Abstract: We develop a dynamic resource extraction game that mimics the global multi-generation planning problem for climate change and fossil fuel extraction. We implement the game under different conditions in the laboratory. Compared to a ‘libertarian’ baseline condition, we find that policy interventions that provide a costly commitment device or reduce climate threshold uncertainty reduce resource extraction. We also study two conditions to assess the underlying social preferences and the viability of ecological dictatorship. Our results suggest that climate-change policies that focus on investments that lock the economy into carbon-free energy sources provide an important commitment device in the intertemporal cooperation problem.
    Keywords: climate policy instruments; intertemporal cooperation; climate game; experiments
    JEL: C91 D62 D99 Q38 Q54
    Date: 2017
    URL: http://d.repec.org/n?u=RePEc:tiu:tiucen:a2362a52-35cf-4e23-90c9-5ba024f19391&r=res
  4. By: Roy Shapira; Luigi Zingales
    Abstract: DuPont, one of the most respectable U.S. companies, caused environmental damage that ended up costing the company around a billion dollars. By using internal company documents disclosed in trials we rule out the possibilities that this bad outcome was due to ignorance, an unexpected realization, or a problem of bad governance. The documents rather suggest that the polluting was a rational decision: under reasonable probabilities of detection, polluting was ex-ante optimal from the company’s perspective, even if the cost of preventing pollution was lower than the cost of the health damages produced. We then examine why different mechanisms of control – legal liability, regulation, and reputation – all failed to deter a behavior that was inefficient from a social point of view. One common reason for the failures of deterrence mechanisms is that the company controls most of the information and its release. We then sketch potential ways to mitigate this problem.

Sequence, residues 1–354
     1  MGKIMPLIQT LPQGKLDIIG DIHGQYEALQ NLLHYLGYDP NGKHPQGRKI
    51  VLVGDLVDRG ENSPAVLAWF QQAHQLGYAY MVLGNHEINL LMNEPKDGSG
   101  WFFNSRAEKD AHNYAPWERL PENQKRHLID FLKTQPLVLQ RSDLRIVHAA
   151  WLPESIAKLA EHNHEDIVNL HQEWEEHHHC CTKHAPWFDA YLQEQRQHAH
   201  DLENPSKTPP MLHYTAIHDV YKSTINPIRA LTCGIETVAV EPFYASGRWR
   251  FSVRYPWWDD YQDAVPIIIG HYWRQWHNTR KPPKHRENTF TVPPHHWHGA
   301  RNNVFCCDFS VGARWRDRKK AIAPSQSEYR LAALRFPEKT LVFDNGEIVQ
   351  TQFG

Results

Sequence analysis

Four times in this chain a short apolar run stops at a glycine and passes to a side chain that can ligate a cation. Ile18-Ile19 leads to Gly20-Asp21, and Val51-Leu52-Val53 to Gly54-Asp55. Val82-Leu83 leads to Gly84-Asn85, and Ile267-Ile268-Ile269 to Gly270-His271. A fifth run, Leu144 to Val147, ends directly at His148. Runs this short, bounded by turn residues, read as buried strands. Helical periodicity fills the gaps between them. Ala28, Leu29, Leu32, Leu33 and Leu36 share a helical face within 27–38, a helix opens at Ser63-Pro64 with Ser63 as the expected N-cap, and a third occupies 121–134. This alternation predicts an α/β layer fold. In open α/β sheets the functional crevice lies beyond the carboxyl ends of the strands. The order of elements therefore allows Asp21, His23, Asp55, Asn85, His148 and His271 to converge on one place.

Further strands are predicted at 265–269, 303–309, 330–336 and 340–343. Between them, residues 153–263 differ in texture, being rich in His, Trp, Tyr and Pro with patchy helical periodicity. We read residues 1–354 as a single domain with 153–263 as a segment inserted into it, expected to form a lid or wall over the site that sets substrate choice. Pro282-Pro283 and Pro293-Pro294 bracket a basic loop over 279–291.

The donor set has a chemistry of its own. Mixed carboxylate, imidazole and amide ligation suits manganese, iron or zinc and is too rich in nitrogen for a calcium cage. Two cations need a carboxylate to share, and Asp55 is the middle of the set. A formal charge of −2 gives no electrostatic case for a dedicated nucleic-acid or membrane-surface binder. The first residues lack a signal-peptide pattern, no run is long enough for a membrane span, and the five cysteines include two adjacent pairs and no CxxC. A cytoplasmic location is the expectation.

JEL: K32 L21 Q52
    Date: 2017–09
    URL: http://d.repec.org/n?u=RePEc:nbr:nberwo:23866&r=res
  5. By: Førsund, Finn R (Dept. of Economics, University of Oslo)
    Abstract: The generation of unintended residuals in the production of intended outputs is the key factor behind our serious problems with pollution. The way this joint production is modelled is therefore of crucial importance for our understanding and empirical efforts to change economic activities in order to reduce harmful residuals. The materials balance tells us that residuals stem from the use of material inputs. The modelling of joint production must therefore reflect this. A multi-equation model building on the factorially determined multi-output model of classical production theory can theoretically satisfy the materials balance. Potentially complex technical relationships are simplified to express each of the intended outputs and the unintended residuals as functions of the same set of inputs. End-of-pipe abatement activity is introduced for a production unit. Introducing direct environmental regulation of the amount of pollutants generated an optimal private solution based on profit maximisation is derived. Serious problems with the single-equation models that have dominated the literature studying efficiency of production of intended and unintended outputs the last decades are revealed. An important result is that a functional trade-off between desirable and undesirable outputs for given resources, as exhibited by single-equation models, is not compatible with the materials balance and efficiency requirements on production relations. Multi-equation models without this functional trade-off should therefore replace single equation models. Extending the chosen multi-equation model to allow for inefficiency, three efficiency measures are introduced: desirable output efficiency, residuals efficiency, and abatement efficiency. All measures can be estimated separately using the non-parametric DEA model.
    Keywords: Materials balance; Joint Production; Residuals generation; Single-equation and multi-equation models; End-of-pipe abatement; Efficiency measures; Data Envelopment Analysis (DEA)
    JEL: C51 D24 D62 Q50
    Date: 2017–09–15
    URL: http://d.repec.org/n?u=RePEc:hhs:osloec:2017_009&r=res